this was brought to mind not only by the emergence of the "tea party" and the boomlet of racist hysteria that accompanied the election of barack obama as president in 2008, but by an analysis piece from today's christian science monitor that the country is still arguing about how to teach about the conflict that ripped the nation apart.
bringing it on home, the monitor's piece explains,
Recent polling suggests that Americans remain divided in their views of issues tied to the Civil War. The very idea of designating a Confederate History Month, for instance, which Gov. McDonnell’s two Democratic predecessors declined to do, split those surveyed. Just more than half of U.S. adults said they oppose such a remembrance, according to the poll by Harris Interactive.
Meanwhile, 54 percent of respondents said they believe the South was mainly fighting to preserve slavery, compared with 46 percent who believe the South was mainly fighting for states’ rights.gov. mcdonnell is virginia's bob mcdonnell, of course, who proclaimed a "confederate history month" in a gesture of solidarity with white racists -- the gun-toting, bible-thumping right-wingers who bristle at the notion of black history month. it's the same chord that ronald reagan struck when he launched his presidential campaign in 1980, as paul krugman recalled:
When he went to Philadelphia, Mississippi, in 1980, the town where the civil rights workers had been murdered, and declared that “I believe in states’ rights,” he didn’t mean to signal support for white racists. It was all just an innocent mistake.in the mainstream press, like the monitor, since there is an unspoken assumption that the public discourse is confined to mainstream, non-toxic sentiments, we as readers are continually reassured that no one actually harbors deep-seated hatred and resentments, and that these same sentiments are what drives public policy in the areas it touches. so we'll never come face to face with the ugly truth: the reason we're undecided about how to teach about the civil war is because on many fronts it's still being fought.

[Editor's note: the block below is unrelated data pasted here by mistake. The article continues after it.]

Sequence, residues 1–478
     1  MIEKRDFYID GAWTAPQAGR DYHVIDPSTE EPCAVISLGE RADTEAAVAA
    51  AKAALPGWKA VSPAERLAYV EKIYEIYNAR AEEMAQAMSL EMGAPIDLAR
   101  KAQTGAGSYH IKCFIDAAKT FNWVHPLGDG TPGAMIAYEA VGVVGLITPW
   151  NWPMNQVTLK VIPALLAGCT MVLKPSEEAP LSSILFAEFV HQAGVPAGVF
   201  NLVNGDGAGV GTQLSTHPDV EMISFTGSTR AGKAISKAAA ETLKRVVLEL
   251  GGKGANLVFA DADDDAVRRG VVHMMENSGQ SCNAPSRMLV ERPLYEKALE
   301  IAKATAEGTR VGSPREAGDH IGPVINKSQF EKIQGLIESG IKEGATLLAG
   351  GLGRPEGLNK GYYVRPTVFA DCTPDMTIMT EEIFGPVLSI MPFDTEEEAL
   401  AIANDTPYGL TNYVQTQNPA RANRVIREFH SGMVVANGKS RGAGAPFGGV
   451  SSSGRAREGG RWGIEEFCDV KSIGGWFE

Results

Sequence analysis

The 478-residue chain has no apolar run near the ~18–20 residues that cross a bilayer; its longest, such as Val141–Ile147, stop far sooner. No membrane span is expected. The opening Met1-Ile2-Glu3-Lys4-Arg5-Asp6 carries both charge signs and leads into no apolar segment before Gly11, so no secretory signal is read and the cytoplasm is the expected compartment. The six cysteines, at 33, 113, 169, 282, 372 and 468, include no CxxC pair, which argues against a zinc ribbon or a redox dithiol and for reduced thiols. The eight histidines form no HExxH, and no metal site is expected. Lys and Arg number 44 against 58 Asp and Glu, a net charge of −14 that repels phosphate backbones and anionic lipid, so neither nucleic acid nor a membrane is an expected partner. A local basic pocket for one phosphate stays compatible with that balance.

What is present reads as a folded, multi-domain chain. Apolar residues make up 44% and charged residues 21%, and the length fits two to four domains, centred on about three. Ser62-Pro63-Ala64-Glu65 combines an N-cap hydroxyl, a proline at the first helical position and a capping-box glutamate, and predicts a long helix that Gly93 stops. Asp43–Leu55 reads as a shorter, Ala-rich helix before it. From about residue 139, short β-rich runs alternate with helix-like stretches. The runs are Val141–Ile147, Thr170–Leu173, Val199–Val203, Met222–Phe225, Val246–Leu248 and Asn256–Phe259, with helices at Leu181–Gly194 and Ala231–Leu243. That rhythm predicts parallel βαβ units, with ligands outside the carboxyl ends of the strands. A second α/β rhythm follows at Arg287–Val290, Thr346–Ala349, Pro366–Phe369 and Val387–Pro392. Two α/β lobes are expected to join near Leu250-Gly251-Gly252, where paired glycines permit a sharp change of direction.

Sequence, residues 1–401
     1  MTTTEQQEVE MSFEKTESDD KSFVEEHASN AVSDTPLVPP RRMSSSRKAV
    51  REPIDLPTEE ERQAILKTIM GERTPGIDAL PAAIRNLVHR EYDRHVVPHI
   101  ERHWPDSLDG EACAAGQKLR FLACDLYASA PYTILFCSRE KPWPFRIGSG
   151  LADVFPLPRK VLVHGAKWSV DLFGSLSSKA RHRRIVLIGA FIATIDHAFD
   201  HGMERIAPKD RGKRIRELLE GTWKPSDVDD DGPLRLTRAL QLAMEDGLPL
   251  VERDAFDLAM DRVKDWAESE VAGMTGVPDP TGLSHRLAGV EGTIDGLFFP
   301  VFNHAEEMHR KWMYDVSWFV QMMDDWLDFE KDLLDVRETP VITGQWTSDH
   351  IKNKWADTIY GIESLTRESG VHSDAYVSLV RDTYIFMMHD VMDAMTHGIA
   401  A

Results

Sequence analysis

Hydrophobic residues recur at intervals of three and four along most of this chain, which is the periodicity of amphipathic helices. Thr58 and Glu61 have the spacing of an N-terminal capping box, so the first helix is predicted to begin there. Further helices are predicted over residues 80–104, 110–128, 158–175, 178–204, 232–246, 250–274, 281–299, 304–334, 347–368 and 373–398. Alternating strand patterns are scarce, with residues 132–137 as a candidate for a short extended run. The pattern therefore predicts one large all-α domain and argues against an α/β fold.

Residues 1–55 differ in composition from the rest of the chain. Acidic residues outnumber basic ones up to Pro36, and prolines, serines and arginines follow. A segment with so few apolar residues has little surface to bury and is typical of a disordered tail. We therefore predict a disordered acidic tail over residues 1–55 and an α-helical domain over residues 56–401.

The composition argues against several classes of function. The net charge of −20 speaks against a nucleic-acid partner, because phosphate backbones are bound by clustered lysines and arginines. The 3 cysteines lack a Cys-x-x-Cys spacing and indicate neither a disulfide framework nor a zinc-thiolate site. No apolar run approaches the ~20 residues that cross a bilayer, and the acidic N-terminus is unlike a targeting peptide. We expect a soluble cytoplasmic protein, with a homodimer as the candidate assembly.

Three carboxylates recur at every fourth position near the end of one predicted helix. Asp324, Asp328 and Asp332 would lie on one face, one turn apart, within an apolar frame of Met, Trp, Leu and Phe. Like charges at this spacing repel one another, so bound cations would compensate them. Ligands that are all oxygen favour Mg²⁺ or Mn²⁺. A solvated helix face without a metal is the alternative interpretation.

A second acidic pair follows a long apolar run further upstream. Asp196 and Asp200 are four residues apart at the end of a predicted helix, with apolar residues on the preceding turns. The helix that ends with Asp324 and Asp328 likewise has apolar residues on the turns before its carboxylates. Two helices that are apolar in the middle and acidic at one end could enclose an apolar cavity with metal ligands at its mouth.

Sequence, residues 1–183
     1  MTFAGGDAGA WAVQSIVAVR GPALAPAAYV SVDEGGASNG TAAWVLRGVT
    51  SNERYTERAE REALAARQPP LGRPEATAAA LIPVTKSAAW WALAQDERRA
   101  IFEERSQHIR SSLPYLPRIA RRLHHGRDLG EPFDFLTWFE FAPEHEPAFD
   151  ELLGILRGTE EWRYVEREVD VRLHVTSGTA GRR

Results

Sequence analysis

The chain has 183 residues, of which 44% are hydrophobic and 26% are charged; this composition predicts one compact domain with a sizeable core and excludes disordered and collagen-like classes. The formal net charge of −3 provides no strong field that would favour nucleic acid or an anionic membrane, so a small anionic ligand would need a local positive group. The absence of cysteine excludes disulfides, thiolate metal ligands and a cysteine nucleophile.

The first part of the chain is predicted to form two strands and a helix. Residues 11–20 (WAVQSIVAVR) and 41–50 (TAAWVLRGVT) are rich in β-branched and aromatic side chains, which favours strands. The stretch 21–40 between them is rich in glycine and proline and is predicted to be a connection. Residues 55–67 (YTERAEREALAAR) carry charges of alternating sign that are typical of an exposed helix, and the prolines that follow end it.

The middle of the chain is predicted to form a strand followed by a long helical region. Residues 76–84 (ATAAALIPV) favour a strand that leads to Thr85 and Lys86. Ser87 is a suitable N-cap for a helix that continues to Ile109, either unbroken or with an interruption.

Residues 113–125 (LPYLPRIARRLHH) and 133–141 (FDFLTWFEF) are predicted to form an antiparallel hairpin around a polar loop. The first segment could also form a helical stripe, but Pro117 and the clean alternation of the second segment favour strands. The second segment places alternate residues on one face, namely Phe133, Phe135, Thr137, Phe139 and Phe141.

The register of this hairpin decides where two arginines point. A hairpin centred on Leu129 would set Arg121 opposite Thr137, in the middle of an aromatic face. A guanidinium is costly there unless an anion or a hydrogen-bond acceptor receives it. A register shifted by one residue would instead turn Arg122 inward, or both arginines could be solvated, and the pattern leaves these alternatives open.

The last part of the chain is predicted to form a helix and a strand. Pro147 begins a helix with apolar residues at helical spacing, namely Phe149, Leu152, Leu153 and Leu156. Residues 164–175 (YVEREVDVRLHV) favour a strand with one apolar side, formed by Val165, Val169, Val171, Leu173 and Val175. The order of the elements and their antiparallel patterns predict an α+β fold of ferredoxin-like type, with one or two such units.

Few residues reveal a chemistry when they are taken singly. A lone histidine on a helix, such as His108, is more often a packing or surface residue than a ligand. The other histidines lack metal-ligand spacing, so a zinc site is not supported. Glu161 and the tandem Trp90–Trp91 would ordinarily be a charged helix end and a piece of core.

academics who judge the popular mood by analyzing primary school textbooks, or studying the results of public opinion polls are not in especially fertile territory when it comes copping a feel of what's going on in the minds of poorly educated and culturally insulated reactionaries -- those too far down the financial ladder to soak in the moderating influences of consumer culture.
if that's what this expert here in virginia, in mr. jefferson's old stomping grounds, no less, then he hasn't been paying attention. it was here in the old dominion where a textbook was yanked from the elementary school curriculum for positing historical fictions as the one where the coloreds fought on the confederate side to preserve slavery and good ol' dixie.
When asked whether current teaching on the war reveals regional biases, most history educators interviewed said that if there are differences, they are far more rare than in the past, and less pronounced.
“I have no doubt you’re going to find pockets [of the South] where ... this ‘Lost Cause’ view is present [in the classroom], but I’ll tell you, I think it’s much too easy to draw overly simplistic regional distinctions,” said Kevin M. Levin, the history department chairman at the private St. Anne’s-Belfield School, in Charlottesville, Va., who has led workshops to help teachers with the subject. “I don’t think you can draw the same regional distinctions that were drawn a few decades ago.”